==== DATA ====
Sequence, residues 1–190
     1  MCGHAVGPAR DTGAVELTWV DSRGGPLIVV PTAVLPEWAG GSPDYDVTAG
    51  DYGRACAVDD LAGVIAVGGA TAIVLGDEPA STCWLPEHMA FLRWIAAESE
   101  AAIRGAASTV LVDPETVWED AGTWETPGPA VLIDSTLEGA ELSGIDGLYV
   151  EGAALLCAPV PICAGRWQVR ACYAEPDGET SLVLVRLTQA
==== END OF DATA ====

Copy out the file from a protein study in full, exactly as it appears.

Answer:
Sequence, residues 1–190
     1  MCGHAVGPAR DTGAVELTWV DSRGGPLIVV PTAVLPEWAG GSPDYDVTAG
    51  DYGRACAVDD LAGVIAVGGA TAIVLGDEPA STCWLPEHMA FLRWIAAESE
   101  AAIRGAASTV LVDPETVWED AGTWETPGPA VLIDSTLEGA ELSGIDGLYV
   151  EGAALLCAPV PICAGRWQVR ACYAEPDGET SLVLVRLTQA